This evening, I watched nominee number four from the Best Picture shortlist of 1950...
Father of the Bride
Frances Goodrich and Albert Hackett
(based on the novel by Edward Streeter)
Spencer Tracy, Joan Bennett, Elizabeth Taylor, Don Taylor, Billie Burke
Father of the Bride opens with Stanley Banks (Tracy) sitting pensively in the aftermath of the wedding reception for his daughter Kay (Elizabeth Taylor) and her beloved Buckley Dunstan (Don Taylor). Stanley then recollects the trials and tribulations that led to this special day: the casually shocking engagement announcement, the not-too-formal talk with his soon-to-be son-in-law, the nerve-wracking first meeting with the in-laws, the chaotic wedding rehearsal. And while Stanley worries himself into a knot about the expense of the wedding preparations, his real anxiety stems from his inability to say goodbye to his only daughter.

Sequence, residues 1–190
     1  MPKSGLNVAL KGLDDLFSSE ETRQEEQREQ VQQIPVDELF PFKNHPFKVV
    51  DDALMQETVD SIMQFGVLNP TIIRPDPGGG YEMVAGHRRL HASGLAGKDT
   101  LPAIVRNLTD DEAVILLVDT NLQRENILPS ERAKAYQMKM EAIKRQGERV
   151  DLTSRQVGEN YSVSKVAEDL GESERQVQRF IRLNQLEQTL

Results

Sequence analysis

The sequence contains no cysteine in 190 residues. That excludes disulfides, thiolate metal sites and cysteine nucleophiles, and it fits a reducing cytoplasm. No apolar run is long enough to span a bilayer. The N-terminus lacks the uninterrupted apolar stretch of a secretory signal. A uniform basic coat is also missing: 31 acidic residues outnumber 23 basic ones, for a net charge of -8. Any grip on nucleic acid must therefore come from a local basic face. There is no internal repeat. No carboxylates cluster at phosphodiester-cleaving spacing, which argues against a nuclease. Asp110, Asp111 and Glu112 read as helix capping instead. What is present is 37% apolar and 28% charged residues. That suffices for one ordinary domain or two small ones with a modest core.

1950 sure was a stellar year for witty dialogue. In Goodrich and Hackett's script of Father of the Bride, we have yet another Best Picture nominee filled with humour. Of course, that is entirely unsurprising in this case since it is clearly a comedy. Nonetheless, clever writing is always worth mentioning, especially when it contributes to such a pleasant viewing experience. And 'pleasant' is an apt way to describe this sweet and funny film. Just like the recently discussed King Solomon's Mines, Father of the Bride is also well aware of its own genre and is successful precisely because it is simple and straightforward.
With the release of the 1991 Steve Martin remake, the comparisons are inevitable, especially considering both were big hits at the box office. Having the benefit of a modern sensibility, the newer version might be considered more accessible to a modern audience. However, the original stands up very well. For a film from 1950, it doesn't feel as old-fashioned as it could. Plus, the original garnered three Oscar nominations - three more than the remake.
Spencer Tracy carries the film superbly. From the opening monologue, his casual style creates an incredibly affable character which makes it that much easier to take this journey with him. It also accentuates the 'aww' factor when Stanley recognises that he is losing his daughter. At eighteen, Elizabeth Taylor was already an experienced actress and she is charmingly sweet as daddy's little girl. And yes, that's Glinda the Good Witch, Billie Burke, as Buckley's mother.